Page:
By Andrew Kahn
The Detroit Lions played on Thanksgiving before 24 of the current NFL franchises even existed. The Lions’ first owner scheduled the inaugural game in 1934 to try and generate interest in the team. It worked, and has become an annual tradition. Lions fans may feel like losing has become a Thanksgiving tradition as well, though they can take “comfort” in the fact that Detroit’s .434 winning percentage on Turkey Day is not much worse than its .456 all-time mark. The Lions (7-4) destroyed Green Bay in last year’s game for its first Thanksgiving victory in 10 years, and are just one game behind the Packers for first in the NFC North. Chicago is a disappointing 5-6. Watch the action on CBS at 12:30 ET.
When Chicago has the ball:
Chicago’s offensive statistics are down from last year; they rank in the middle of the pack in most major categories. Matt Forte, however, has been his usual dynamic self, and continues to be a threat no matter how Chicago gets him the ball. Can they get him going early? The Bears have not scored in the first quarter in six straight games. They are also near the bottom of the league in turnovers (21), a problem in last year’s two losses to Detroit. Jay Cutler needs protection—and needs to protect the ball—on Thursday.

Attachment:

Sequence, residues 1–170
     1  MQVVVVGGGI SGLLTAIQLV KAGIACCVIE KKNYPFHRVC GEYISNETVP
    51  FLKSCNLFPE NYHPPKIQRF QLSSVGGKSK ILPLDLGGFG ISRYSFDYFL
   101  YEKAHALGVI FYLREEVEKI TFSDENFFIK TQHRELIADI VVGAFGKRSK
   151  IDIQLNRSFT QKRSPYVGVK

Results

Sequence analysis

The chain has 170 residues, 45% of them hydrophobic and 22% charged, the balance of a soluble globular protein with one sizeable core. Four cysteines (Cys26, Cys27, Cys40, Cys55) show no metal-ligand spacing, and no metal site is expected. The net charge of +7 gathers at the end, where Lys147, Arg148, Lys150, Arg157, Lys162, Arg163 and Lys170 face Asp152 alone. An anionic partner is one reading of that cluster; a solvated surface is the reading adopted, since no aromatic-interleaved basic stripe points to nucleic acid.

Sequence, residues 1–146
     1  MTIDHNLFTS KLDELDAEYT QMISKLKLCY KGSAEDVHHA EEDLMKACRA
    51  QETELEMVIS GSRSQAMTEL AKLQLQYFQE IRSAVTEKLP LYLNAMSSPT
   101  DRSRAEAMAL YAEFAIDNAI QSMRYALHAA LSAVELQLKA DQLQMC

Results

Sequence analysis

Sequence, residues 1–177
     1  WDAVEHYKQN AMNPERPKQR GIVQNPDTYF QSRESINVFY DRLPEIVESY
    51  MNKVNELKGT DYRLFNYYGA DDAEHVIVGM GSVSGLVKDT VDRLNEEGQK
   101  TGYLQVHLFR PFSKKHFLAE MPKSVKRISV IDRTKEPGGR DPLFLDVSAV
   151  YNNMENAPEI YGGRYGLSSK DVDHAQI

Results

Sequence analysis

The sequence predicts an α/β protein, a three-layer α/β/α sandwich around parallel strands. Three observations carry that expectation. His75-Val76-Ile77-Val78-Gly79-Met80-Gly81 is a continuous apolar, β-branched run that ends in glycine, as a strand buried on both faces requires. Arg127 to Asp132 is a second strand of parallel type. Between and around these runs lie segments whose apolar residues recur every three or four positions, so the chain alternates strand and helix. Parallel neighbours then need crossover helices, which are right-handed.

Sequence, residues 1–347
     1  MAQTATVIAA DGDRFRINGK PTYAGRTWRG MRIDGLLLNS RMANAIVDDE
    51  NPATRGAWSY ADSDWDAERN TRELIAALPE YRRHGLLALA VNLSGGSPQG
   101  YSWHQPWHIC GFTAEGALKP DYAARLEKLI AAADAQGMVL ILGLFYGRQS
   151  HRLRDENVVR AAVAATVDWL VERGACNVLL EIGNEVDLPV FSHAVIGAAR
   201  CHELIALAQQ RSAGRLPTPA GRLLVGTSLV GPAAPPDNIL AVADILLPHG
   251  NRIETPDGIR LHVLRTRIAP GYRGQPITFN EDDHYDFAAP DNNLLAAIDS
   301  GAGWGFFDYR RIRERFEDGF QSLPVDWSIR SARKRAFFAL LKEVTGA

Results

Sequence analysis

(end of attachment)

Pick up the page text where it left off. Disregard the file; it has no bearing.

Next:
The Lions, meanwhile, are tops in the league in yards per rush attempt allowed and third in overall yardage. It figures that Cutler will throw often, and Brandon Marshall, Alshon Jeffery, and Martellus Bennett are still dangerous receiving threats, regardless of their inconsistent production this season. The offense that looks like its old self first will be in a good position to get the win.
When Detroit has the ball:
Like Chicago, the Lions have taken a step back offensively from last year and have managed a combined total of 15 points the last two weeks, with no touchdowns. An offense with Matthew Stafford, Calvin Johnson, Reggie Bush has sputtered, partly because some of the stars have had nagging injuries. Golden Tate has stepped up, but you figure the sidearm-slinging Stafford and Megatron will have to get back in sync if Detroit is going to make a playoff push. The run game has been poor as well, and the offensive line is banged up. Thankfully for the Lions, center Dominic Raiola will play despite an investigation into a cut block he delivered on Sunday.
The Bears looked solid on defense the last two weeks, but most teams do against Minnesota and Tampa Bay. Against better competition, Chicago has been exposed. Remember, in the two previous games, Chicago allowed a total of 106 points. On the season, only three teams have allowed more passing yards per attempt than the Bears. Adding to their issues, linebacker Lance Briggs and cornerback Kyle Fuller are game-time decisions. Detroit hasn’t had a true offensive explosion—more than 24 points—since Week 1. Perhaps that changes on Thanksgiving.
Prediction: Detroit 28, Chicago 24
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